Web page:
Olufemi Adeosun, a correspondent with National Mirror Newspapers in Abuja, narrates his encounter with armed robbers on Friday, January 6, 2017.
On Friday January 6, my vehicle broke down along Ife-Ilesha Road, about 10 kilometres away from Old toll-Gate. As I was making frantic calls a four-man gang emerged from nowhere and dragged me to the bush, about a kilometre away from the Expressway.
They were armed with cudgels, daggers and a hand-made pistol. After robbing me of the N17,000 in my pocket, they snatched my two telephones-a blackberry classic worth over N100,000 and a small Samsung Galaxy. They frisked me, ransacked my pocket and got my First Bank ATM card. Before demanding for my pin, they tied me with my belt and underwear and lied me faced down.
They threatened to kill me if they found out I gave a wrong PIN number. At that time, I knew I was involved in a game of adventure to which I needed to play the honest boy. The one holding the ATM departed for the bank, while one of them, the man with the doubled-edged dagger and blood soaked gun, kept vigil on me. I was bleeding profusely, but was warned not to scream, saying that if I tried to attract attention, they would just pull the trigger. The most striking irony of the whole episode, which became a blessing in his guise, was that the leader of the gang said he was a native of Ijere-Ekiti, a neighbouring community to my village, Ikoro-Ekiti in Ijero LGA of Ekiti State. He rebuked the guy who stabbed me.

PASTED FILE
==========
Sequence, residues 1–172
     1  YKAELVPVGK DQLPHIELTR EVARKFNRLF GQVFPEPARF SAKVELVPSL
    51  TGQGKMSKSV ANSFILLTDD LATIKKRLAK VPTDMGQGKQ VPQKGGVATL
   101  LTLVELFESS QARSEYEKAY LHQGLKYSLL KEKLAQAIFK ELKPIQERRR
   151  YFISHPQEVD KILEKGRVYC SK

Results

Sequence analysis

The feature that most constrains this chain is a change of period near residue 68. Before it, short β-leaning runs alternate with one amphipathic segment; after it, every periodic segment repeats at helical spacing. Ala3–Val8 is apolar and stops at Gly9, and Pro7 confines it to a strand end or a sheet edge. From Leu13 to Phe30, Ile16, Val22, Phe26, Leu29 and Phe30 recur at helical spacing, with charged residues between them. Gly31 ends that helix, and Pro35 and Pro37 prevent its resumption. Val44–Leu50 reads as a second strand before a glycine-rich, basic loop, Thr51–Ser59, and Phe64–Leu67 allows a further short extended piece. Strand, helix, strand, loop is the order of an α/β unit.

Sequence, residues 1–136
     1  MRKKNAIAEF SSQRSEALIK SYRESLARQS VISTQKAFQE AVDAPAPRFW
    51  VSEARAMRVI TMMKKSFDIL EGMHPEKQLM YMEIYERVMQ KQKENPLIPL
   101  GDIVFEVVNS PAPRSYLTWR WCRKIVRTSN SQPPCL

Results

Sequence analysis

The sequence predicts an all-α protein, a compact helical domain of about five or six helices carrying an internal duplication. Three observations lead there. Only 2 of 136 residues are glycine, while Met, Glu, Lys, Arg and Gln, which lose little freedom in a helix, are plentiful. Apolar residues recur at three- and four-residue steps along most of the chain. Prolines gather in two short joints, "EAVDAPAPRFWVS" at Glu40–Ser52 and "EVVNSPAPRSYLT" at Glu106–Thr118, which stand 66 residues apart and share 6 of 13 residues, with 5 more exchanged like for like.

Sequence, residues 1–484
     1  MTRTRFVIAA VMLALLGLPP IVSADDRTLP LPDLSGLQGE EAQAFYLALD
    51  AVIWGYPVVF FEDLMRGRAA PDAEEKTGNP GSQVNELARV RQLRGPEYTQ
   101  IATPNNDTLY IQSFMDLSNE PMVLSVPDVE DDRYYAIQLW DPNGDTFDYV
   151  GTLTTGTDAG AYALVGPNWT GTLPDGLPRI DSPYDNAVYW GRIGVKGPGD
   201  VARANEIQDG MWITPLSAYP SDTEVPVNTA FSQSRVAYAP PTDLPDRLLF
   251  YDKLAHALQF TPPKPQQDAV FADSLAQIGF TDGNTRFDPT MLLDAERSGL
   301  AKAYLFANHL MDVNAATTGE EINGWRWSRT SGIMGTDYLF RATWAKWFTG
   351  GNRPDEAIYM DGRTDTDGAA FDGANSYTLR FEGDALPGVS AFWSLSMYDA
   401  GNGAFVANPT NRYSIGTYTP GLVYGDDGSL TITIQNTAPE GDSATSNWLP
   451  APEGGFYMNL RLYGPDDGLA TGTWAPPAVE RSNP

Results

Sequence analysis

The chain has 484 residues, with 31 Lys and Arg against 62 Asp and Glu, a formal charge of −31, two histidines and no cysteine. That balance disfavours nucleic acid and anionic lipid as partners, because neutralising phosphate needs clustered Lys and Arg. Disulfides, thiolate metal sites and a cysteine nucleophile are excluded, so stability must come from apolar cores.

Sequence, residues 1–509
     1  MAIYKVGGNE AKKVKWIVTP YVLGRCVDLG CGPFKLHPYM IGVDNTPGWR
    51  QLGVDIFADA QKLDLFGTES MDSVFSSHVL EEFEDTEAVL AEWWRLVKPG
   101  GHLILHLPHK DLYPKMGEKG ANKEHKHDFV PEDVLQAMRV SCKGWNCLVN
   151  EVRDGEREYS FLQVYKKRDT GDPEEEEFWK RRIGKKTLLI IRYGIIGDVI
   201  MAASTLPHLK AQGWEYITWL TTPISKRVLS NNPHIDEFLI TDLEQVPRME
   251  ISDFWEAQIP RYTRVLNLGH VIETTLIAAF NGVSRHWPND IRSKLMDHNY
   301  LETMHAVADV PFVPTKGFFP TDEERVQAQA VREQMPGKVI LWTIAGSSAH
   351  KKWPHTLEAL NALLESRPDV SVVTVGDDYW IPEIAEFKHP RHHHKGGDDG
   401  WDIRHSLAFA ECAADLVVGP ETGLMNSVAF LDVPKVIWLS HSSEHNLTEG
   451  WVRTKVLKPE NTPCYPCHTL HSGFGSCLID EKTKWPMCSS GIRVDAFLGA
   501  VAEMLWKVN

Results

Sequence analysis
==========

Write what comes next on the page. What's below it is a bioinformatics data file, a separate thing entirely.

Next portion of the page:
I was held for about one hour. The guy who stabbed me, kept vigil on me and finally received a call. The call, I guessed, confirmed that the pin was correct and withdrawal made. It was after then I located my way back to the road. On getting to the bank, I found out that N100, 000 had already been withdrawn from my account.
The sad story arising from the incident was the attitude of Nigerians to distress calls. About 30 minutes after I escaped, with blood dripping from my hands, no help came from commuters. Even one or two vehicles with police escort refused to wait to render help.
However, help came from a man who emerged from a nearby community with toying vehicle. To God be the Glory. I am pleased to say that I have arrived Abuja, after spending three days in a private Hospital in Ado-Ekiti.
When I reported the matter with the police at the Old toll Gate, they were asking me questions including, if the robbers have tattoo marks or if any of them was stammering.
These questions have fuelled my speculations that the police knew about such incidents.
National Mirror Newspapers, Abuja